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36.    Claud H. Gilmer

Claud H. Gilmer (1901-1983) teamed with A. M. Aikin, Jr., to produce one of the most comprehensive sets of legislation affecting public school education ever enacted in Texas. In the 50th Legislature in 1947, following his term as speaker in the 49th Legislature, Gilmer introduced a concurrent resolution proposing a special panel to study the state's public school system. Atkin, a member of the senate, sponsored the resolution in that chamber, and it was adopted. Governor Beauford Jester appointed both men to the panel, which acquired the title of "the Gilmer-Aikin Committee." After 18 months of study, the committee submitted its recommendations to the 51st Legislature. The recommendations were incorporated into a package of three bills that were introduced and passed in 1949. Although Gilmer had not sought reelection to the house and was not a member of the 51st Legislature, the measures, like the committee, were popularly referred to as the "Gilmer-Aikin bills."

The Gilmer-Aikin package, enacted in 1949, substantially raised teachers' salaries, providing incremental pay increases for years of service and level of education attained. It thereby sent many teachers back to college during the summer months for advanced studies. Designed to equalize education across the state, the package also provided the first major state financial support for local school districts. Finally, it reorganized the State Board of Education to provide that one member be elected from each congressional district.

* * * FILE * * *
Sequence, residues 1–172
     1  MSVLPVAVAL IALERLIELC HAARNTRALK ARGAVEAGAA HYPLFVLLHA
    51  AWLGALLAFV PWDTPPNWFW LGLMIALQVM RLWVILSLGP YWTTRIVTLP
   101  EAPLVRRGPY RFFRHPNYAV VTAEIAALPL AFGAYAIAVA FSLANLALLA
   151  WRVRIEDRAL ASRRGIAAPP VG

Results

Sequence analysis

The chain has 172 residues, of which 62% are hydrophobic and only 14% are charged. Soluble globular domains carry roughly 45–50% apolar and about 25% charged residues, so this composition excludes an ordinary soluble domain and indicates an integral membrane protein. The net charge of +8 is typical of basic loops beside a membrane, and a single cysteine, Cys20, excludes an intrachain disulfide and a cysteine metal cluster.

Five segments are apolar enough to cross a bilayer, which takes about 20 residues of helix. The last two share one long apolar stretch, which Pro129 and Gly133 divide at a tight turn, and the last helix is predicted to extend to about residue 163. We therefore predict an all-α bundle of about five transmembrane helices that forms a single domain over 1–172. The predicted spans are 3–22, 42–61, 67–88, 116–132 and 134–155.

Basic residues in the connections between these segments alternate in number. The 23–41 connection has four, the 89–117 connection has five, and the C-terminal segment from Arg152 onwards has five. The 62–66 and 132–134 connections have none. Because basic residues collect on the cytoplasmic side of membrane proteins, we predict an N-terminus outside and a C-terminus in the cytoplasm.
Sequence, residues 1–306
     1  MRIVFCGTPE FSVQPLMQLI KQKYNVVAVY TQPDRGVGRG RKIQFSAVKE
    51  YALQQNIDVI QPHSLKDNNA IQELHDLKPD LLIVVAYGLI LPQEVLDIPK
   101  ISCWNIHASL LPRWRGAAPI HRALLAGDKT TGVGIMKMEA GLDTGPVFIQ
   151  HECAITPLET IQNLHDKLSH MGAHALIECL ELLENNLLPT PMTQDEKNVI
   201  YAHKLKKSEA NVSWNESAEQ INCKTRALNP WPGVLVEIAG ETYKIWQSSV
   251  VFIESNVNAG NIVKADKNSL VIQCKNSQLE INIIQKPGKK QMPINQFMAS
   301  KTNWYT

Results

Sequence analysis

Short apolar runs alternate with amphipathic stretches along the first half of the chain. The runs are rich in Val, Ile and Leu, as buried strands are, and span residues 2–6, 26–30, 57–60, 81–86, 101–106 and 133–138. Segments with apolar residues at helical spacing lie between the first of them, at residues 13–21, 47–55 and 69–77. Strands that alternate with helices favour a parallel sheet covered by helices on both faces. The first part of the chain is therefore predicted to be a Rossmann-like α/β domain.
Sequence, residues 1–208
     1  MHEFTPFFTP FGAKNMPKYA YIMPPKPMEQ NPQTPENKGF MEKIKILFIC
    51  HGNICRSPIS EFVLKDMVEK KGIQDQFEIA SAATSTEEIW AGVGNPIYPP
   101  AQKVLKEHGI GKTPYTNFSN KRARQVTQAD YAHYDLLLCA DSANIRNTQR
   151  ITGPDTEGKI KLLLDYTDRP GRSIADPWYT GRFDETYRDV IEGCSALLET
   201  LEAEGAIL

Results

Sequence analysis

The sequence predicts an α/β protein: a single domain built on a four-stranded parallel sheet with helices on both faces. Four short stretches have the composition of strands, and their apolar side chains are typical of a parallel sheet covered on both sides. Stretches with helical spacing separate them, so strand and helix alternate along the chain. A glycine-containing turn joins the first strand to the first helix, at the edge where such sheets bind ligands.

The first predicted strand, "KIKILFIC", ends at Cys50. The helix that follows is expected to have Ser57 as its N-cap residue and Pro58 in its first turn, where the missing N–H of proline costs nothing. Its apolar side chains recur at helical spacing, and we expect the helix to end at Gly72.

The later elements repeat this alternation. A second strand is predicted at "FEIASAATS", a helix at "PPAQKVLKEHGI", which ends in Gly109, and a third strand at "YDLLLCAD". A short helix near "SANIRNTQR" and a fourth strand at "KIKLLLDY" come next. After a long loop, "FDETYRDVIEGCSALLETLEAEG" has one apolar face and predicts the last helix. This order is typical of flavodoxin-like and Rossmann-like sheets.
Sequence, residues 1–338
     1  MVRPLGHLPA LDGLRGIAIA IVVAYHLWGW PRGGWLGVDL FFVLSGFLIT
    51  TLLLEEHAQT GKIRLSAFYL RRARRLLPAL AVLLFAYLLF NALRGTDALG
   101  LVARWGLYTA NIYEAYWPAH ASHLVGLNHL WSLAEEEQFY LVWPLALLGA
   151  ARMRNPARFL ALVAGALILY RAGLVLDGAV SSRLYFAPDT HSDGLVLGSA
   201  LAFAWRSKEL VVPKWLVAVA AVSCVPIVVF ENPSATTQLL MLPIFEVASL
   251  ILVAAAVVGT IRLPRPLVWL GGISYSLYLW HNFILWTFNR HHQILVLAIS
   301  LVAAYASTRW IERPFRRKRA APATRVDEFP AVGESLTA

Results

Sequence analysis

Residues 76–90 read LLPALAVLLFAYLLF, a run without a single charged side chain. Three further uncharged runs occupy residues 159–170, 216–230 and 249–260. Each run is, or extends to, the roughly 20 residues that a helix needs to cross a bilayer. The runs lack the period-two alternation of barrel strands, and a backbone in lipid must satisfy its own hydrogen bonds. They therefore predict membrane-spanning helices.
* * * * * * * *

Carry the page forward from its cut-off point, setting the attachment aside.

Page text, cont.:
Gilmer was a native and lifelong resident of Rocksprings, where he was born March 12, 1901. His family operated a Rocksprings drugstore, as well as the local telephone office. Gilmer was graduated from Rocksprings High School in 1919 and later from Meridian Junior College He taught school in Rocksprings for two years and served as principal there for another year and a half. While principal, he served as athletic coach, and in that capacity he coached the high school's first football team. Gilmer was elected county judge of Edwards County at age 23. In 1929, he received his law degree.

When the state representative from Gilmer's district, Coke Stevenson, sought the office of lieutenant governor in 1938, Gilmer ran for the vacated house seat and was thereupon elected to the legislature. He served in the 46th through 50th legislatures and was speaker in the 49th. After serving on the Gilmer-Aikin Committee during the interim following the 50th Legislature, he retired to devote time to business interests at home.

Besides practicing as an attorney, Gilmer also was involved in ranching. In addition, based on his family's operation of the local telephone company, he became president of the Texas Telephone Association, serving periodically as a lobbyist for that association in the legislature. For six years following his last term in the House of Representatives, he was chairman of the Board of Texas State Hospitals and Special Schools. Gilmer died in San Antonio on February 26, 1983.

BIBLIOGRAPHY: Presiding Officers of the Texas Legislature, 1846-2002. [Austin, Tex.]: Texas Legislative Council, 2002. link: Claud Gilmer.

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University of Texas at Austin
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